The question of ‘we are alone in the universe’ is usually patronized by philosophers, but now a team of scientists may have a way to find the answer.
They hope to create a list of the planet that will enable astronomers to know where they can point their telescopes.
Thousands of exoplanet – planets orbiting a star outside our solar system have been discovered since the first meeting in 1992. The search is now moving towards which of those planets might be able to sustain life in the hope of answering the question, ‘Are we alone in the universe?’
The new study by a team at the University of Northwestern, Illinois included an investigation of exoplanets orbiting red dwarf stars to determine the effect of a star’s radiation, and its planet’s rotation rate is on habitat.
The lead author, Howard Chen, said: ‘If we can guess which planets are most likely to host life, then to answer the question of whether we are alone in the universe within our lifetime Can be very close. ‘
They found that the radiation of a star is a ‘deciding factor’ as to whether a planet is habitable or not. Using a combination of 3D climate modeling and chemistry analysis, they found how active a star is and the shape of the planet’s ozone layer also plays a role.
This is because radiation emanating from an active star can cause surface water to evaporate, while thin ozone allows too much radiation to pass through, making planets dangerous for complex surface life.
This allowed them to narrow the list of subsistence planets by removing very active stars and planets with very thin ozone layers.
Mr. Chen said: ‘Instruments, such as the Hubble Space Telescope and the James Webb Space Telescope, have the ability to detect water vapor and ozone on exoplanets. They just need to know where to look. ‘
The study focuses on red dwarf stars, also known as M dwarfs because these are the most common types of stars found in the Milky Way, which make up about 70% of the stars in our galaxy.
Our sun is a yellow dwarf, a type of main-sequence star, which is about 7% of the stars found in the Milky Way. A typical red dwarf is 50 times that of the Sun and only 10 to 20 percent of the size of our star.
For a planet to maintain complex life it needs to be able to retain liquid water. If it is too close to the star then the water will evaporate, if it is too far away the water will freeze and if this happens the surface will not be hot enough to sustain complex life.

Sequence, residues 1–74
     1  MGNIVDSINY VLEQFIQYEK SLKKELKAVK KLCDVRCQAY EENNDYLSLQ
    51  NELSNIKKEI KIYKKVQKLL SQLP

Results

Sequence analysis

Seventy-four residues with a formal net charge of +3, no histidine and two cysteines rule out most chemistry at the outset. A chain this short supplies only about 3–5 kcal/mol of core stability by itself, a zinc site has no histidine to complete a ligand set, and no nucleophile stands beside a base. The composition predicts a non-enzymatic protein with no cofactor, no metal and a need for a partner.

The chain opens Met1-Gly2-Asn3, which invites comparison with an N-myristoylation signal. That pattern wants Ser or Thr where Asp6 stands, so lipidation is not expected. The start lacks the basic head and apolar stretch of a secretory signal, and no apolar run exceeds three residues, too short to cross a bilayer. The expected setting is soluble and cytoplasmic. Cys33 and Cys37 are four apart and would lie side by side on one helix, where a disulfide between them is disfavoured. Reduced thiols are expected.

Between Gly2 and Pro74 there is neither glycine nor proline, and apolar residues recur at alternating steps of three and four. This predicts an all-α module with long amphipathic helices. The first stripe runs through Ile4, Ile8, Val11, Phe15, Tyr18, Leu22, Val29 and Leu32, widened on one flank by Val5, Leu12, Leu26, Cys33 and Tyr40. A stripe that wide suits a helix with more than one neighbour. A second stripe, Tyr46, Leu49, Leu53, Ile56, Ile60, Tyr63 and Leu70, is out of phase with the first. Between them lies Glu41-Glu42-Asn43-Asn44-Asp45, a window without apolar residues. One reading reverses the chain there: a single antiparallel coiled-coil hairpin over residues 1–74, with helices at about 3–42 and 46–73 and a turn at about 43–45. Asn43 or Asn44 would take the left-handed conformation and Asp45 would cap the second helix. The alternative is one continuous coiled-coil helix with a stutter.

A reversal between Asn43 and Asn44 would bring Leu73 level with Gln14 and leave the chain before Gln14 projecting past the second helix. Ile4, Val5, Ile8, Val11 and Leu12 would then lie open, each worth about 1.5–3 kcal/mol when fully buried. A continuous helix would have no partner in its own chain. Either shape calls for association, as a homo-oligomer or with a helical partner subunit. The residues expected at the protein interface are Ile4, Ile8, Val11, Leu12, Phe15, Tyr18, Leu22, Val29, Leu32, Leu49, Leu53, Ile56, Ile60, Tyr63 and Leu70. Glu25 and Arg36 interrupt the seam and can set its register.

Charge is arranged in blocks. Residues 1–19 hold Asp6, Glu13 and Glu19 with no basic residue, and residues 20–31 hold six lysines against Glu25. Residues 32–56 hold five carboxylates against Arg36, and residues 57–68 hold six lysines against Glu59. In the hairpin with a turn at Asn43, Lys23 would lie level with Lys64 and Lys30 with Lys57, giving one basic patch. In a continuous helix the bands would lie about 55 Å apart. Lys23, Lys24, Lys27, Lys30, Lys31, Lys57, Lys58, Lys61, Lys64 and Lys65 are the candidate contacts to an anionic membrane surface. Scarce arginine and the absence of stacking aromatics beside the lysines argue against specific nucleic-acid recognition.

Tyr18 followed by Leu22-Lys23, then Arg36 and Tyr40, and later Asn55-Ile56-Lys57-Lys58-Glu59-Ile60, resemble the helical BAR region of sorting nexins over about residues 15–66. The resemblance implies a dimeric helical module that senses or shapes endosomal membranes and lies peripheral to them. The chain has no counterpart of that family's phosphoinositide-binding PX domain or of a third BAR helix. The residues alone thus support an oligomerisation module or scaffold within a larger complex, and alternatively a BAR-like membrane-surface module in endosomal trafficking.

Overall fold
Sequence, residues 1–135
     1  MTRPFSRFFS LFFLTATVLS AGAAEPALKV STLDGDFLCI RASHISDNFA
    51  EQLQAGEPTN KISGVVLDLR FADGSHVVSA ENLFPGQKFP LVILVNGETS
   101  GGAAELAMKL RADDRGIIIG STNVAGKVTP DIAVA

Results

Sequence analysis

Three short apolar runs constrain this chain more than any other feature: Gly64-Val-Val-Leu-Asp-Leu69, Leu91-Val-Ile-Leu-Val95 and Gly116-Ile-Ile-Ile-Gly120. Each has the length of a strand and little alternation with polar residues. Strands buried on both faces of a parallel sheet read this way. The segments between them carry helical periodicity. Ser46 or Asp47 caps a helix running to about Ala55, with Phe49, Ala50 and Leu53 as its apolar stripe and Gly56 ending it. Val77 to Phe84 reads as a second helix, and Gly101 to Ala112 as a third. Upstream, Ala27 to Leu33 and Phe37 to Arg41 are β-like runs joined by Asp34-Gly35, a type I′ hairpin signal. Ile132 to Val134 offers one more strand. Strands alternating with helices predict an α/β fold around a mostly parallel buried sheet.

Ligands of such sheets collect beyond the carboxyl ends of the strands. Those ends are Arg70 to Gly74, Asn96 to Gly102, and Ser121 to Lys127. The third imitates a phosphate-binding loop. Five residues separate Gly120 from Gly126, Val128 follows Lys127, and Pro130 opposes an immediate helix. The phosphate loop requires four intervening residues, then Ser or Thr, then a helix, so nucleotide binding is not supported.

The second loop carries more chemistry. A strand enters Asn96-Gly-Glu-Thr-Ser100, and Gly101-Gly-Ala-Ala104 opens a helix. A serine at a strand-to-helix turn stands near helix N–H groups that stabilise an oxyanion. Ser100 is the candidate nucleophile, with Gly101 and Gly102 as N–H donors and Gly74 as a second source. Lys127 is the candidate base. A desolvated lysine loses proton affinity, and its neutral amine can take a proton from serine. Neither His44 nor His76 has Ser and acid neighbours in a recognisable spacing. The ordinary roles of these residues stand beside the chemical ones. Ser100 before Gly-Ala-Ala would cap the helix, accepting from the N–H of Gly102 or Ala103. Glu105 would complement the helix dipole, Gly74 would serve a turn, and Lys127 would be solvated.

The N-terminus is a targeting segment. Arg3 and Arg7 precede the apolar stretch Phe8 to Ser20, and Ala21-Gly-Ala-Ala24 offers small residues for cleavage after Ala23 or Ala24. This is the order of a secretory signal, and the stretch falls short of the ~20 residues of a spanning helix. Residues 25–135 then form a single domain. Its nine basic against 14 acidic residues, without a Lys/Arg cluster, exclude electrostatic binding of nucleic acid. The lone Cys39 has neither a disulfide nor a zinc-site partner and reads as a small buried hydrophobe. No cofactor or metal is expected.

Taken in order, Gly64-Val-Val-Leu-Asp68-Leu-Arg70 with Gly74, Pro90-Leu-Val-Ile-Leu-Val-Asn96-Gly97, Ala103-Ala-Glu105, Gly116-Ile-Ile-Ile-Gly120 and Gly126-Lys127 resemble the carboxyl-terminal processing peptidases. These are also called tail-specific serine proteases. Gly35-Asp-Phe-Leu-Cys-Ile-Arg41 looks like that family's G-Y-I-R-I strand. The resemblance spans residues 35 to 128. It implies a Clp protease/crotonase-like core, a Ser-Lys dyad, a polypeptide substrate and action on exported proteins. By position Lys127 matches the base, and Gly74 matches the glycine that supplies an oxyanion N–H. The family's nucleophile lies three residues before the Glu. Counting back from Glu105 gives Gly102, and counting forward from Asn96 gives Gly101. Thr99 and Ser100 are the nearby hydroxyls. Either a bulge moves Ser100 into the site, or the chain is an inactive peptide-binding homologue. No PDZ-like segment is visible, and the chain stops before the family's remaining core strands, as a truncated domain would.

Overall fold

The planets in the middle are able to sustain the most complex of lives, an area known as the Goldilocks region followed by the fairy tale Goldilocks and Three Beers where Goldilocks is a porridge too hot, one too cold and one feels right is. ‘.
The team is trying to figure out how close to a planet is to retain liquid water. They are trying to discover the ‘inner edge’ of the habitable zone. “The inner edge of our solar system is between Venus and Earth,” Mr. Chen explained. ‘Venus is not habitable; Is the earth. ‘
The team found that many planets in the habitable zone could not stay long due to the thin ozone layers. Despite the otherwise habitable surface temperature, the ozone layers of these planets allow much ultraviolet radiation to pass through and penetrate the ground. Radiation levels would be hazardous to surface life.
Senior researcher Daniel Horton on the project said: ‘There are a lot of stars and planets, which means a lot of goals. Our study may help to limit the number of places where our telescopes point. ‘
Earlier scientists have used one-dimensional and two-dimensional global climate models to study the Red Dwarf planets, but have not taken chemistry into account, so have not been able to give as true a picture, Mr. Chen says.
‘3D photochemistry plays a big role because it provides heating or cooling, which can affect thermodynamics and perhaps the atmospheric composition of a planetary system.’
The research was conducted in collaboration with researchers from the University of Colorado Boulder, NASA’s Virtual Planet Laboratory, and the Massachusetts Institute of Technology.
Mr. Chen said for most of human history, the question of whether or not life exists elsewhere is only within the philosophical field. ‘It is only in recent years that we have modeling tools and observational techniques to address this question.’